A Compulsion to Repeat Failure.

Author:Shackford, Shane
 
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In response to the general media's lurid depiction of recent school shootings, the public has come to perceive school violence as endemic. The implication that school violence has increased significantly is conspicuously similar to the 1980s movement that declared a war on drugs. Perhaps this incessant quest for drama and pathology is a natural consequence of human behavior. Regardless, the search for answers according to simplistic, cause-and-effect, linear relationships is likely to fail.

Historically, the need to assign culpability to atypicality has been the accepted standard of practice, particularly within the public school system. Individuals who choose not to conform to the nebulous "social norm" are routinely compared to an arbitrary linear model of normality (for example, A causes B). Simplistic cause-and-effect thinking, or dichotomous thinking, has traditionally been implicated in various forms of psychopathology, such as depression. Such linear thinking appears to be the likely result of reductionism.

For example, the 1980s were consumed with the war-on-drugs movement, which promulgated the perception that illicit drug use had reached epidemic proportions. Despite inherent reporting and data collection inaccuracies, those responsible for the anti-drug movement carelessly chose the path of least resistance. That is, they relied on reductionistic techniques like punishment as a result of simplistic application.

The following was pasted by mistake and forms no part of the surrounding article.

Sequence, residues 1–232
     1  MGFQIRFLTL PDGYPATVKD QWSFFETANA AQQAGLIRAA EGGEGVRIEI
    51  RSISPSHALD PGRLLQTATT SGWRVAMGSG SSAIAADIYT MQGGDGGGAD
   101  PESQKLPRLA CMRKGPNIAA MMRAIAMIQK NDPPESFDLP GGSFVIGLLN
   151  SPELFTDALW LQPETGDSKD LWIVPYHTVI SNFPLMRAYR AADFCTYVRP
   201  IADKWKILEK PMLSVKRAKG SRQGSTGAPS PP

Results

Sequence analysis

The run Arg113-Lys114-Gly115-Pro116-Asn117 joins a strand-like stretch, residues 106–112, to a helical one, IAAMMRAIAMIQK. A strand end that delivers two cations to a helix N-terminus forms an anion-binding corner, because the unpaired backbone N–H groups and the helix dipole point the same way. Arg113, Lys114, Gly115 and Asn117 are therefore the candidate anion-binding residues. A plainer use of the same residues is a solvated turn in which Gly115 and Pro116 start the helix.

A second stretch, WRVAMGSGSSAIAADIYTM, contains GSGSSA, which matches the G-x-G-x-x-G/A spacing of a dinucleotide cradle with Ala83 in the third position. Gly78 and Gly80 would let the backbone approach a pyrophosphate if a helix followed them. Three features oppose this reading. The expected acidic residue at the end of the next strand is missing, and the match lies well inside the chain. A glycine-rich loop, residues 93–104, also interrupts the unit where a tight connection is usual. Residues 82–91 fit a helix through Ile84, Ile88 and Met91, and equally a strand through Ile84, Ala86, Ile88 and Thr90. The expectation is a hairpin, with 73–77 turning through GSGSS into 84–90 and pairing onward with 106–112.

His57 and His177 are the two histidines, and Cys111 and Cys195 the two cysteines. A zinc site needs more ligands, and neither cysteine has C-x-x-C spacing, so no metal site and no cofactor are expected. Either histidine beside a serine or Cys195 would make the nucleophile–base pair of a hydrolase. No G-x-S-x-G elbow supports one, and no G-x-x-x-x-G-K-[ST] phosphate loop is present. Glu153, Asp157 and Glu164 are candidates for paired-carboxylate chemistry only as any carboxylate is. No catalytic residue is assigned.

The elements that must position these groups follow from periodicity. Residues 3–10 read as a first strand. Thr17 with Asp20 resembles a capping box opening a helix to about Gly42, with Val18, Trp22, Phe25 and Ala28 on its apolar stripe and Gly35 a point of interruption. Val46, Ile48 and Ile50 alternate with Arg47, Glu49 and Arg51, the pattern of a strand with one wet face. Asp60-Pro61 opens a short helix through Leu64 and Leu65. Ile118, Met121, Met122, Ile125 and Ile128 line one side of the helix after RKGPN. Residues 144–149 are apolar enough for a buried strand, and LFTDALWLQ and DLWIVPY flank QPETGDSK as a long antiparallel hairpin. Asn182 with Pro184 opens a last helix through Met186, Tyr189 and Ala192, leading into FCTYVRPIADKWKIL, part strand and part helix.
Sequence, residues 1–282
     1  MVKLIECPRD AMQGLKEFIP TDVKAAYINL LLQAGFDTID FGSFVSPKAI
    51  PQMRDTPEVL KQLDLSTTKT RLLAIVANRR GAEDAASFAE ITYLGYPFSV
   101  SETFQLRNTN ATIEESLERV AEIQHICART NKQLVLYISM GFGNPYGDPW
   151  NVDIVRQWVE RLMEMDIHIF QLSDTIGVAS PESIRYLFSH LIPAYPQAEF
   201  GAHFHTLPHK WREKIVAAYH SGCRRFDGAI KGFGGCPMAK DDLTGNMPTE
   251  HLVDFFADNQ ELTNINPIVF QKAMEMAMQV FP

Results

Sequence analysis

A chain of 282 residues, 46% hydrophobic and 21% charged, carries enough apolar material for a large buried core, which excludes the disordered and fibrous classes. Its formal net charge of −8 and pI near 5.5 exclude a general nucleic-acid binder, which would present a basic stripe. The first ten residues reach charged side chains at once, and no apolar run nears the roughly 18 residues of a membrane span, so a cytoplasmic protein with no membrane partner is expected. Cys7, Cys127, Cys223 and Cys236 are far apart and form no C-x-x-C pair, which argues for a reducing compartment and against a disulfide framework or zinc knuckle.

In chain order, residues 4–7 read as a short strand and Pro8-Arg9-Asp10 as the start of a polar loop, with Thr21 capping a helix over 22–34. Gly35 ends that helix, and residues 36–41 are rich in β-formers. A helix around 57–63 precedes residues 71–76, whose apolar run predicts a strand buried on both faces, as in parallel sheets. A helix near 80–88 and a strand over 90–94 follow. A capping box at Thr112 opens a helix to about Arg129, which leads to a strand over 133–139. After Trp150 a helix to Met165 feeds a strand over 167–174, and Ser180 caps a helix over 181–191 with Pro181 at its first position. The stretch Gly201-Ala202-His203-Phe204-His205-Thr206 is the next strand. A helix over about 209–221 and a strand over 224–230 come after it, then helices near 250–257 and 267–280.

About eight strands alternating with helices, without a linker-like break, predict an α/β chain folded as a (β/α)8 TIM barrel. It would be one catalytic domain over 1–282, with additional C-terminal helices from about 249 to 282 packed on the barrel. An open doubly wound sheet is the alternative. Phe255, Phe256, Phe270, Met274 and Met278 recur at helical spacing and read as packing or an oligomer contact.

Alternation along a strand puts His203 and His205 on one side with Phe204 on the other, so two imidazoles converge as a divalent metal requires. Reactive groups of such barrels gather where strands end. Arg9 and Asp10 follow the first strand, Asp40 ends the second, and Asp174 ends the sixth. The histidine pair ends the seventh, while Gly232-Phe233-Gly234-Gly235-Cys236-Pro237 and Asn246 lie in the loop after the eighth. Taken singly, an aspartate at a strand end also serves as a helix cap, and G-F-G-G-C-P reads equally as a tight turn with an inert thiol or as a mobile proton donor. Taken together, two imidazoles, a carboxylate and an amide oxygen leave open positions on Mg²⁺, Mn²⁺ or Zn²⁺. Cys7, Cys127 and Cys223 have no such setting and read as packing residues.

Similarly, special interest groups along with the media have today successfully promulgated the perception that schools are milieus to be feared. Whereas schools were once seen as institutions engendering intellectual and emotional growth, today these pedagogical institutions are often portrayed as killing fields. As Jose Ortega y Gasset has expressed, "Today violence is the rhetoric of the period."

While the empirical data has failed to corroborate the supposition that schools are dangerous, boards of education with the financial assistance of special interest groups have injudiciously endorsed tertiary, reactionary, punitive, consensus, and ideologically based interventions. The most recent social control policy promulgated by the House of Representatives and adopted by local school boards is Community Oriented Policing Services (COPS). By authorizing programs like COPS, school boards have, perhaps unconsciously, increased the probability for school violence.

Empirically sound paradigm shifts among bureaucracies are...

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